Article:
Kelly Kleine always figured she'd end up in football in some way, shape or form.

"Growing up in Sheboygan," she said, "you love the Packers, and you love football."

She had a fairly lofty goal a decade ago during her days as a public relations intern for the Gophers and Vikings.

"My absolute dream job was being a sideline reporter," she said. "But I'm not the most clear talker. So, I thought, 'Nah, I probably shouldn't do that.'"

Instead of becoming the next Michele Tafoya, Kelly Kleine sort of "fell into" the path of becoming the first Kelly Kleine, a 30-year-old NFL scouting pioneer with an unlimited work ethic and an unassuming personality.

"When we hired Kelly back in May, I called her and said, 'Kelly, this is going to be a big deal,'" said Broncos public relations director Patrick Smyth. "Kelly goes, 'Get out. Really?! No way.'"

Yes, way.

"Kelly was a priority hire for me," said George Paton, the former Vikings assistant general manager who became Denver's general manager. "She fixes things. She's a problem solver, a game-changer. She takes care of a lot of my blind spots."

Vikings General Manager Rick Spielman didn't want to lose Kleine, who was his manager of player personnel/college. But the guy who gave Kleine her start also didn't want to stop her from a promotion to Denver's executive director of football operations/special adviser to the general manager. Kleine will help Paton on the pro side initially while also overseeing the video and equipment departments.

"I didn't hire her because she's a female," Paton said. "But I understand the significance. I have a 12-year-old daughter."

Kleine is uncomfortable with the attention, but also understands its importance.

"It's crazy because all I'm trying to do is help the Broncos win, but it's also cool that young girls can now see not just me but other women in football," she said. "When I got the job, I said I hoped that someone would pass me up soon."

Later that month, someone did. The Eagles promoted Catherine Raiche to vice president of football operations.

According to Forbes Magazine, there are 13 women now working in NFL scouting departments. At least seven of them received promotions in May. Meanwhile, there were a record eight female NFL coaches in 2020.

"As far as the Vikings, we've always had sort of a pioneering mind-set internally," said Anne Doepner, the team's director of inclusion and employee investment. "Every voice matters. Rick is really good about that."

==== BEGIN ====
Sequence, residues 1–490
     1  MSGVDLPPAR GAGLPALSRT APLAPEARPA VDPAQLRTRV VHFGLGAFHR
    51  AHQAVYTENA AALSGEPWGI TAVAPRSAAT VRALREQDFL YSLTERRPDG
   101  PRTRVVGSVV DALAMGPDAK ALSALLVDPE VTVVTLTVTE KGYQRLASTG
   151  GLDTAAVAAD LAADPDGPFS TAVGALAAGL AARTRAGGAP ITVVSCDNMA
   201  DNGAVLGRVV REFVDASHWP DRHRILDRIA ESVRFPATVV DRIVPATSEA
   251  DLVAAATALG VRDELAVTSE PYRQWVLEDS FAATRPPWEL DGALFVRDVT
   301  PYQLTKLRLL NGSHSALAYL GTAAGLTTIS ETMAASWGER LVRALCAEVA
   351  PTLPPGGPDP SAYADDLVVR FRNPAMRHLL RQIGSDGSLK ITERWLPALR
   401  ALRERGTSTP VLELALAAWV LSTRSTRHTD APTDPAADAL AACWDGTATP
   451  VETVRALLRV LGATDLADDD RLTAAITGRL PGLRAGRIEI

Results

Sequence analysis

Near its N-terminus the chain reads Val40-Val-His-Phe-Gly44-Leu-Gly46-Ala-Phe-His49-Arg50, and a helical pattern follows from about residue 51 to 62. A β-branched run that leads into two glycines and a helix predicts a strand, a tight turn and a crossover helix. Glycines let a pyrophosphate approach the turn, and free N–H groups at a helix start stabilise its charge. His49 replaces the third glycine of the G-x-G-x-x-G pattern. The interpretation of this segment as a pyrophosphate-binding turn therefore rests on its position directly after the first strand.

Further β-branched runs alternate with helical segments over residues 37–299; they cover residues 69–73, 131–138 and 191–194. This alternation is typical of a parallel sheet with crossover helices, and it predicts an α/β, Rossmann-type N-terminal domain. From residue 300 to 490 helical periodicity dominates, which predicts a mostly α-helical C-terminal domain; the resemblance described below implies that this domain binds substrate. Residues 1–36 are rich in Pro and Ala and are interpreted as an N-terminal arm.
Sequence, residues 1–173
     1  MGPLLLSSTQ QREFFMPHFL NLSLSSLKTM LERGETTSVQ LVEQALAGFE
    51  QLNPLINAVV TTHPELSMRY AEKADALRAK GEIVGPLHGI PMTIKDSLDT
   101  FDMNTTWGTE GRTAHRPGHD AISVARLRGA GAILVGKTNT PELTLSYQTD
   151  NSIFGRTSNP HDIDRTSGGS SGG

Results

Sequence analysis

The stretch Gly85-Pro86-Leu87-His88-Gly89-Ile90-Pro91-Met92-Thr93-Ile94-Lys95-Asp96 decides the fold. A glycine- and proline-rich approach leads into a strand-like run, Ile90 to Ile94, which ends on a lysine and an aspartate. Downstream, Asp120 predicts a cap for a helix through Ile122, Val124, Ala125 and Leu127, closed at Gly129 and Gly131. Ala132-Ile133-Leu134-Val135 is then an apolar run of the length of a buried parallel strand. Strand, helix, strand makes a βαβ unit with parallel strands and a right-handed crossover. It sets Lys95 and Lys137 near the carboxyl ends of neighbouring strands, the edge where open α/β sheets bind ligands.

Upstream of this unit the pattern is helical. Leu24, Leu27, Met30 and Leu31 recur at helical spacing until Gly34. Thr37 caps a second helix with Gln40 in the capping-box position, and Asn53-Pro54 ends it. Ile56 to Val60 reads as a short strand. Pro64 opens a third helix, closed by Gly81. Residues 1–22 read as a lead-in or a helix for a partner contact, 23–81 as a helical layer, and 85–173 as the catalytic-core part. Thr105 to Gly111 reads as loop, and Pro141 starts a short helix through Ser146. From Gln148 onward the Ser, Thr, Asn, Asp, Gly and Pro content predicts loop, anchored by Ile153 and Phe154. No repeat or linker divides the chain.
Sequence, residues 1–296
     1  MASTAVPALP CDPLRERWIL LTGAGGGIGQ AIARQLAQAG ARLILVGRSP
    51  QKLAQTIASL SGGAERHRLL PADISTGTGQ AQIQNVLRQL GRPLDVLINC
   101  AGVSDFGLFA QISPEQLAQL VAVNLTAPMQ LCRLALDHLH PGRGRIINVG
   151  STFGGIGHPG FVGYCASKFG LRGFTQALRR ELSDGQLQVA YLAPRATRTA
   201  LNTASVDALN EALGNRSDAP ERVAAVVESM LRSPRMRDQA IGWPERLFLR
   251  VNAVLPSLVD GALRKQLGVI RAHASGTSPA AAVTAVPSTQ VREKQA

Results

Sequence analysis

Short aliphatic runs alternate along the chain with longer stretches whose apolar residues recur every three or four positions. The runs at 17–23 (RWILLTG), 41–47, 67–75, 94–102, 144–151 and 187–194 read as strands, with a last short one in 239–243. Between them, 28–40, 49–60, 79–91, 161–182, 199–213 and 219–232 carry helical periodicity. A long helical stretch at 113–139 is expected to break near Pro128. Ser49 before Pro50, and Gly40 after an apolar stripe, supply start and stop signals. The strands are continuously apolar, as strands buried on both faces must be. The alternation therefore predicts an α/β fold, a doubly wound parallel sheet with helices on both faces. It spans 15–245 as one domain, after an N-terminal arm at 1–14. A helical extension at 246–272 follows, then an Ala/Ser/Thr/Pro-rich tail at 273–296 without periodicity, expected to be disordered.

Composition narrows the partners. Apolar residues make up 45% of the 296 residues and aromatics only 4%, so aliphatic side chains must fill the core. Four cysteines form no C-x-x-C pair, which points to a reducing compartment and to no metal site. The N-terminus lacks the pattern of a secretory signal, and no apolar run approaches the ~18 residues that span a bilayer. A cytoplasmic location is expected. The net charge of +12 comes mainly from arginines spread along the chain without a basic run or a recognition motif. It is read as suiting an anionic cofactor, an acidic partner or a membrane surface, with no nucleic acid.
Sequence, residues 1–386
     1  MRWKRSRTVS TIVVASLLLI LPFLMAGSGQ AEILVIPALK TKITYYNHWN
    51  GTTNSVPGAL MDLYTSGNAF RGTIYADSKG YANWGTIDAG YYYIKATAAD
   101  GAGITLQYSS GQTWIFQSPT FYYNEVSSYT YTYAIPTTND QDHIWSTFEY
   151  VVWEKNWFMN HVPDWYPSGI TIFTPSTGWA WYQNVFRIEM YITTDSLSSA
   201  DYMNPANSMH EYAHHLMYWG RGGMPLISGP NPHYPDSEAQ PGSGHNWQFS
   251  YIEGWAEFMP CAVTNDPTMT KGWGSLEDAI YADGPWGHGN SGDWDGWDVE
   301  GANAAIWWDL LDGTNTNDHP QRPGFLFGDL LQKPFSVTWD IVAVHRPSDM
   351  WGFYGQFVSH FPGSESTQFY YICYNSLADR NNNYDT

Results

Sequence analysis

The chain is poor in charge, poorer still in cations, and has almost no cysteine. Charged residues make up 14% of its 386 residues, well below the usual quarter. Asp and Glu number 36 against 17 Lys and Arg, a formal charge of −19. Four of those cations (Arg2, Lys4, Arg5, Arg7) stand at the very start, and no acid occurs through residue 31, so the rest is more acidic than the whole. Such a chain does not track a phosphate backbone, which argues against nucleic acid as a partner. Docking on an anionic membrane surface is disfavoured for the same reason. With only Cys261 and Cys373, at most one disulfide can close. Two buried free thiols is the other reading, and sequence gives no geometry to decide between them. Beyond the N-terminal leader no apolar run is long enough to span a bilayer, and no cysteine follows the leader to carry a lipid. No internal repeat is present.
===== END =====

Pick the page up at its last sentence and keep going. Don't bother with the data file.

Before taking her current position, Doepner spent 13 years as director of football administration. She was one of only two women in the NFL negotiating player contracts.

"And little-known fact, Kelly covered for one of my maternity leaves," Doepner said. "So she was able to dabble in some cap work back in 2013, when my second child, my son, was born."

Kleine graduated from the University of Minnesota in 2013. Her PR gig with the Vikings was reaching its end.

"I was down in the little PR area at Winter Park," Kleine said. "Steven Price, a scout who's now with the Giants, said, 'Hey, you want to come help out in scouting?' I was like, 'Hey, sure, why not?' I needed a job."

Kleine had one request, though.

"I'll do it if you can teach me," she said. "Teach me because I don't know what the heck I'm doing. I sat down with Rick, had a good conversation and they kind of just threw me in."

Enter Scott Studwell. Old-school linebacker from 1977-90. Franchise leader for tackles in a game, a season and a career. Spent another 28 years working for or running the Vikings' college scouting department. Looks like he eats nails for breakfast.

"The most incredible human being," Kleine said. "He took me under his wing and taught me everything. He's like a father to me."

"Ah," Studwell says, "I think she's giving me more credit than I deserve. We didn't mold her. We didn't create her. She's always been special. She was raised right, and she's got a great work ethic. She's one of those people you want to help."

Paton said Kleine and Studwell might look like an odd couple but are actually "kindred spirits."

"Kelly can talk to anyone," Paton said. "She could talk to a serial killer. She and Stud hit it off right away. Stud taught her how to evaluate, taught her how to scout, how to run a pro day. They both like cold beverages, so I think that helps. She's Wisconsin, he's Midwest [Indiana]. Those two people are special."

Studwell retired in the spring of 2019, giving up the endless hours of traveling and watching film to enjoy four grandchildren under the age of 10. He's also got an eye on the career of a certain 30-year-old in Denver.

"Kelly has a great perspective on what she's doing and why she's doing it," Studwell said. "She's not overwhelmed by all the attention. She's a pioneer, so to speak, at a very young age, but it's not going to change her. There's a very bright future for her in this league. It will be fun to sit back and see how far it takes her."